The day of the first, out the lord went to hunt, a fat doe he brought soon to bay
Quickly he slew her, dressed her full well, cooked the meat to serve dinner that day

Gawain did find his host’s lady quite fair, and quite keen she was to be his
Deftly he turned her seductions away and held her off with but one small kiss

At dinner that evening they traded their prize, haunch of deer the man gave Gawain
‘I have gained but little’ Gawain said, but he kissed him, the challenge came the next day again

The host he killed a great stag, antlers huge, smoothly Gawain refused his lord’s wife
At dinner they feasted on venison fine, a kiss Gawain gave, the gain from his strife

The third day dawned clear and the host hunted boar while his lady sought Gawain once more
Though still he refused her a token she gave him, a cloth of green which great magic bore

‘Wear this tomorrow against the knight green, it will save you from his axe bright’
She kissed him and left, his heart troubled sorely for tomorrow he must give his head to the knight

The lord called out loudly ‘We feast here on boar! Wondrous glad the bounty I gained!
Share with me now those sweet things that you won! What have you for me, Sir Gawain?’

Gawain fought within himself, what should he do? And gave his host then a kiss
‘The treasure I gained, and share it I shall would there had been more than just this’

Feasted they late then into the night, when dawn came Gawain took his leave
And followed his hosts directions to go, wishing there could be some reprieve

Ahead in the woods a chapel he spied; waited there for him the Green Knight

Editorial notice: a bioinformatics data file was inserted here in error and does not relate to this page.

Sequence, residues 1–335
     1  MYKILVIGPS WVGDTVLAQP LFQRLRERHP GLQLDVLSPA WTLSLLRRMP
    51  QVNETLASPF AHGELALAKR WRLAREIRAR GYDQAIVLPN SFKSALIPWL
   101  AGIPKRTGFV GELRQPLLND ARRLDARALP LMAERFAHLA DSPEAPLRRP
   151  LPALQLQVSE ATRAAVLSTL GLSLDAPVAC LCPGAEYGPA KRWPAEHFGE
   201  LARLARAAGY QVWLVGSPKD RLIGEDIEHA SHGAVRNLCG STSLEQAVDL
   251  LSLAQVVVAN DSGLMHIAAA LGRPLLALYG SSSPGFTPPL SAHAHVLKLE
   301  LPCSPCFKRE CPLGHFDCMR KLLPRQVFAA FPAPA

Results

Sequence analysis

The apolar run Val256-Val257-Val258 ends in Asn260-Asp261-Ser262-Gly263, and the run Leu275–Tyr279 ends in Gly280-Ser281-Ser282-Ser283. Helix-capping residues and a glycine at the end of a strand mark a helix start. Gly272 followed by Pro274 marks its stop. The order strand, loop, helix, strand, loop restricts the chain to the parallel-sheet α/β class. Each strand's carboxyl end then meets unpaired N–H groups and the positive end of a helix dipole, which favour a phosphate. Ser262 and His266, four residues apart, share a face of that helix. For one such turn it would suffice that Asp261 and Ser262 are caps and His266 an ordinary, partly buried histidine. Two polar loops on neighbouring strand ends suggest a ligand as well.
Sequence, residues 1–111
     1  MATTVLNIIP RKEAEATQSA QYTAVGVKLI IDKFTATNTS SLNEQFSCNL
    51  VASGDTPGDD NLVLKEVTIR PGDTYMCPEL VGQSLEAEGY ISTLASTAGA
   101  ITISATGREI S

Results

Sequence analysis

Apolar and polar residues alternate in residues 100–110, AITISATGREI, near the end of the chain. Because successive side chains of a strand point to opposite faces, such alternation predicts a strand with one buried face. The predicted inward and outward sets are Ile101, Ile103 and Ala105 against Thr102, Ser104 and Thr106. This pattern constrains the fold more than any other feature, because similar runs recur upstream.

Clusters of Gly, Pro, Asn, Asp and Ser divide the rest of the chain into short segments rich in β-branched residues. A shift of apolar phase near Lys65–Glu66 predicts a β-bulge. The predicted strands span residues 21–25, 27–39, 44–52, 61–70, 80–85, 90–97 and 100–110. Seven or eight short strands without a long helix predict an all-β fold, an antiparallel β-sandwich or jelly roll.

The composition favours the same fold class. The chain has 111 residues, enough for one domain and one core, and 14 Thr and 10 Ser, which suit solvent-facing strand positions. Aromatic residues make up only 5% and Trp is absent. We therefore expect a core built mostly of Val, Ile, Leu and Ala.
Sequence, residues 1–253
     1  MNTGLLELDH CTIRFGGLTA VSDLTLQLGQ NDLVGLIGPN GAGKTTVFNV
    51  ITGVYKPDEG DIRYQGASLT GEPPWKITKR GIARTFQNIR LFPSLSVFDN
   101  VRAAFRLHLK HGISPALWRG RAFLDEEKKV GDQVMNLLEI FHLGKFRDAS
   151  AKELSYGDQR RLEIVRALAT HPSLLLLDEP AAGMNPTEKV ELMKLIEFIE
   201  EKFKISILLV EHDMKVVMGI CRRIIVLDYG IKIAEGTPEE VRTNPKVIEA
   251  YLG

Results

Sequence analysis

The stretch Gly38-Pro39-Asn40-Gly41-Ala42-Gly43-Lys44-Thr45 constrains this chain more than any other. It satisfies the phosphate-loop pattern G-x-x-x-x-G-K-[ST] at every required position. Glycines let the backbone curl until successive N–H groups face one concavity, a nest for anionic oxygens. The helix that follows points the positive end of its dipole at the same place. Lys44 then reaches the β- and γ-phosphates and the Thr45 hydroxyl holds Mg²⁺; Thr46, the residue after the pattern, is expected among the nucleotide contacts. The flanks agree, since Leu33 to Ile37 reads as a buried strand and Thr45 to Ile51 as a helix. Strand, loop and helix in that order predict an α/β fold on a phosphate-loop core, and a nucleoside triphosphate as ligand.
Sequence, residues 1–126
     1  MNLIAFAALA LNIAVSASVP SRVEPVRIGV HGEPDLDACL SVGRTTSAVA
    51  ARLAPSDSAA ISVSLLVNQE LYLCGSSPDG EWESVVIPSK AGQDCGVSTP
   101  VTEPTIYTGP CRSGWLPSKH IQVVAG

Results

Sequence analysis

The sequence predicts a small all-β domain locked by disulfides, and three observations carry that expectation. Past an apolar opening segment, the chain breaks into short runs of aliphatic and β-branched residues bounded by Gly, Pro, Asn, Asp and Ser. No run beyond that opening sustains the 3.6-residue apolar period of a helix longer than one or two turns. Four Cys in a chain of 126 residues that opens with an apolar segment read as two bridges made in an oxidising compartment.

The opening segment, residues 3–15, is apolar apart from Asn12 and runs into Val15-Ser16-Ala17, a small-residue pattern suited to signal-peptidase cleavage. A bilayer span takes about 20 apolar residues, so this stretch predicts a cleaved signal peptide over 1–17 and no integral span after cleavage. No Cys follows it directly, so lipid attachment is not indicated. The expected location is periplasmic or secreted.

Gawain offered his head, the green sash his armor; the Green Knight swung but stopped his axe flight.

Twice did he swing and his blow did he check, Gawain shook but still held his ground.
He threw a third stroke, and felt its sharp bite, still his head on his shoulders he found

‘Rise, Sir Gawain, my test for you is through and your neck I give you this day.
For your word it is strong and your courage undaunted and love of life stands but in your way.

‘Honest and generous in all did you prove, except for that one small green cloth charm
Loyal and courteous and brave did you prove, except for seeking a way from harm.

‘In this one thing you are lacking a bit, but unfailing in others you’ve been
Return to your King, a hero among them for wanting to live, I find that no sin.’

Gawain rode back then to Arthur’s fair court and they cheered and called out his name
On his chest he displayed a cloth of bright green, an outward sign of his inward shame.

Before his great King, Gawain went on his knee and he sad recounted his tale
And Arthur then clasped him and drew him in close, ‘My friend, you’ve served my honor well.’

‘Human we all are, and none of us saints, but to chivalry we all do strive
No more could be asked, far more you have done than any hero e’er yet alive’

‘Gawain, my man you are, honor you bring, and I see that your sorrow is keen
To show our great love, we will bear it with you, and all shall wear a badge made of green.’

"Requested by Queen Portia for King Uther after a particularly bad day…" -- Ivone Pons Leyr

Copyright ©2002 Yvonne K. Reynolds